HIGGINS knows what it’s like to face a furious adult. His father, a Sacramento Valley mechanic and a farmer, never seemed to like him much. The oldest of six, Higgins was a smart-alecky kid, and his father beat him.
When he was 11, there was an incident so violent that his mother finally pulled his father off. “I was crying. I was scared. I just said, ‘Never do that to me again.’ I threatened him, which was sort of stupid for an 11-year-old kid in his underwear who’d just been disciplined harshly, but to my dad’s credit, it was the last time he ever punished me physically.”
Higgins thinks often of his father, who died in 1995. He still wonders why he was so brutal. Higgins himself became the kind of kid who never backed down from a fight. He became a cop and eventually a lawyer, and learned to channel his aggressiveness through the law.
Helping Milena is a way of helping the child he once was, but the pair generally don’t dwell on bad memories. Most of their time is spent bantering and teasing each other, like rebellious schoolkids.
Higgins and often his wife have taken Milena out on weekends, to dinner or a USC game. One day they took her shopping for work clothes at the Glendale Galleria. “Milena asked if she could walk between us, holding each of our hands, and asked, ‘Do you think people would think we’re a family?’ ” recalled Higgins. When they were not in the office and strangers assumed she was his daughter, Higgins never corrected them because it made Milena so happy.
“When she gets that look of joy, it just lights everybody around her,” he said. Last summer, Milena came to spend a weekend with Higgins and his family at a rented house in Newport Beach. “Everything was different for her,” he said. He showed her how to boogie board and dig for sand crabs. After she dug one up herself, “she was gleeful. She had this wonderment you see in little kids, and most of us lose it, particularly by adolescence. It’s not cool to be joyful.”
The day Higgins returned from vacation, Milena announced that she was going back to Slatten.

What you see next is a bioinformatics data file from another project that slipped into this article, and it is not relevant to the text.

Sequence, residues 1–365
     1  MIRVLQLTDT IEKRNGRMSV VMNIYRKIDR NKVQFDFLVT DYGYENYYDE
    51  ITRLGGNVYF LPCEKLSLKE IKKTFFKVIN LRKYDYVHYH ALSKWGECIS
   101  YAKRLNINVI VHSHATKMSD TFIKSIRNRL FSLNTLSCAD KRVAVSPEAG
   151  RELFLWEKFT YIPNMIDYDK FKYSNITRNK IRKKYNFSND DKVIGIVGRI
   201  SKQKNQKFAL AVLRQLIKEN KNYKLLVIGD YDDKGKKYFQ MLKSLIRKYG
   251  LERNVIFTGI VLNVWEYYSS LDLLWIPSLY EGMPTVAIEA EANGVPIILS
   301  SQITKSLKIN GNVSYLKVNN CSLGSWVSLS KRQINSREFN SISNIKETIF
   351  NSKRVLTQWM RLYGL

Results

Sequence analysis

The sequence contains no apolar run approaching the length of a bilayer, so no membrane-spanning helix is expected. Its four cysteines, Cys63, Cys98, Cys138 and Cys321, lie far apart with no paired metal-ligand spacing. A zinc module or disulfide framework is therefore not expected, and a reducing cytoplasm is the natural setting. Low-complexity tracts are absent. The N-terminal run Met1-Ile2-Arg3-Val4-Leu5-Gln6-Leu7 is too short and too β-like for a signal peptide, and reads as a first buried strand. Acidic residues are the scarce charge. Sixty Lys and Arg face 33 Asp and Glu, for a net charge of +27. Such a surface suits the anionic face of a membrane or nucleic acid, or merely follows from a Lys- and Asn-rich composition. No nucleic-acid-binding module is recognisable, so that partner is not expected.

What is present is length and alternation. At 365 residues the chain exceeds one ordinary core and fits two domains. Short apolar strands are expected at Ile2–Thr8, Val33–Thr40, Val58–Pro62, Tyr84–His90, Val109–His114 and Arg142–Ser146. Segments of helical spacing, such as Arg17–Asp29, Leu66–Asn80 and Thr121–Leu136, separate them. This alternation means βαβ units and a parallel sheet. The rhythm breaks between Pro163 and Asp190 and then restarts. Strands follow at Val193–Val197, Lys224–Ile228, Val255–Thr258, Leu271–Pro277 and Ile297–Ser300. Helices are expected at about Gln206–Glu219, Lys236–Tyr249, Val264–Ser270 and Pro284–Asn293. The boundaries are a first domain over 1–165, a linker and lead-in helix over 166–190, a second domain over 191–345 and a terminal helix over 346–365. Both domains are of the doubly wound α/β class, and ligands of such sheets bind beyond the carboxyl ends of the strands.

Higgins wonders whether the pressure to succeed was too much.
“Up to nine months ago, she’s a victim,” he said. “She’s no longer a victim, but with that comes the liability of responsibility.” There have been small setbacks of late. She fared poorly on a civil service exam.
At first, Milena insisted that she was returning to Indiana only because her adoptive father had promised her money if she helped him renovate a Victorian home he owned.
The night before she was to leave, she finally admitted why she was going. “I basically feel that he [Slatten] owes me something,” she said. “An apology. Which I’m probably never going to get
Higgins took the day off work to drive Milena to the airport. He acted jovial, teasing her about the 30 Amy Lee posters she was having him keep in his garage. But when it was time for her to pass through security, it was clear that he was afraid he’d never see her again. He hugged her for a long time, kissed the top of her head and whispered, “Be safe.” He watched her until he could not see her anymore.
A week later, Milena in T-shirt and jeans emerges from a motel off an Indiana freeway. She’s been staying up all night and sleeping during the day. “I’ve been depressed,” she says in a flat voice, as if it’s slightly obvious.
Over stew at a Russian restaurant in Indianapolis, Milena explains that she and Slatten began fighting almost from the moment he picked her up at the airport. She says he was angry that she still spoke to his ex-wife and was irritated by her relationship with Higgins. When she revealed that this story was being written, “he basically freaked out and kicked me out of the house.”
After being contacted by this reporter, Slatten confirms Milena’s account of their visit. Seated at an Applebee’s restaurant with Milena and his fiancee, he contends that he is the victim of a biased court system, incompetent social workers, his ex-wife. “I never did anything abusive to Milena. If I did, it would have come out in the court trial.”
Slatten explains how the house ended up so dirty. After his suicide attempt, he took Milena and the foster kids to Virginia for the weekend, and the neighbor’s son neglected to walk their dogs. Asked about the charge that he touched his adopted daughter in an “insolent manner,” he explains that he was checking for bruises after a beating by Plumley and merely “glanced” at her naked body to try to ascertain her true age. “If she was 12 years old, she would be showing signs of pubic hair,” he says.
Milena fumes as Slatten gives the account and angrily interjects that he doesn’t even have the time right – the alleged touching incident occurred after his ex-wife left (an allegation corroborated by Plumley).
According to Milena, the district attorney kept asking her before the trial whether Slatten had raped her, and she said no.